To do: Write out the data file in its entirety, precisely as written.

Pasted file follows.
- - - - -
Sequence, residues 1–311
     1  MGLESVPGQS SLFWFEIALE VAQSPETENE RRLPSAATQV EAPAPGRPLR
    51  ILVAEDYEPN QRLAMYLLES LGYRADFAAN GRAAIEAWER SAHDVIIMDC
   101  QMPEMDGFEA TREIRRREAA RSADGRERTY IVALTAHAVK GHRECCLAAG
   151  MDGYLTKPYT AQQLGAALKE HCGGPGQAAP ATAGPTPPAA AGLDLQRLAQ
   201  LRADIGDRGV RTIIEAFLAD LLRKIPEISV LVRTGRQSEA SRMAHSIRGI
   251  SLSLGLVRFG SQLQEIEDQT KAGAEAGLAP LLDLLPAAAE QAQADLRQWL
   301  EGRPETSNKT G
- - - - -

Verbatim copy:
Sequence, residues 1–311
     1  MGLESVPGQS SLFWFEIALE VAQSPETENE RRLPSAATQV EAPAPGRPLR
    51  ILVAEDYEPN QRLAMYLLES LGYRADFAAN GRAAIEAWER SAHDVIIMDC
   101  QMPEMDGFEA TREIRRREAA RSADGRERTY IVALTAHAVK GHRECCLAAG
   151  MDGYLTKPYT AQQLGAALKE HCGGPGQAAP ATAGPTPPAA AGLDLQRLAQ
   201  LRADIGDRGV RTIIEAFLAD LLRKIPEISV LVRTGRQSEA SRMAHSIRGI
   251  SLSLGLVRFG SQLQEIEDQT KAGAEAGLAP LLDLLPAAAE QAQADLRQWL
   301  EGRPETSNKT G